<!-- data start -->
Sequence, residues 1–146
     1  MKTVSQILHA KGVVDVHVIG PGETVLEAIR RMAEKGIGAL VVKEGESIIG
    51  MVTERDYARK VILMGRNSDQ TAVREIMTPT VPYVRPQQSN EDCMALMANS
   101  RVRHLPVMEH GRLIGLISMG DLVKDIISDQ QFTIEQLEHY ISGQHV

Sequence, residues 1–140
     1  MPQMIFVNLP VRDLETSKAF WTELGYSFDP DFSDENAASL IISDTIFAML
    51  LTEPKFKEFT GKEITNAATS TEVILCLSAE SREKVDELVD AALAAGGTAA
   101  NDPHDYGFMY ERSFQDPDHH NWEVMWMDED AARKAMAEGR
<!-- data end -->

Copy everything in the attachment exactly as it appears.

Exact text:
Sequence, residues 1–146
     1  MKTVSQILHA KGVVDVHVIG PGETVLEAIR RMAEKGIGAL VVKEGESIIG
    51  MVTERDYARK VILMGRNSDQ TAVREIMTPT VPYVRPQQSN EDCMALMANS
   101  RVRHLPVMEH GRLIGLISMG DLVKDIISDQ QFTIEQLEHY ISGQHV

Sequence, residues 1–140
     1  MPQMIFVNLP VRDLETSKAF WTELGYSFDP DFSDENAASL IISDTIFAML
    51  LTEPKFKEFT GKEITNAATS TEVILCLSAE SREKVDELVD AALAAGGTAA
   101  NDPHDYGFMY ERSFQDPDHH NWEVMWMDED AARKAMAEGR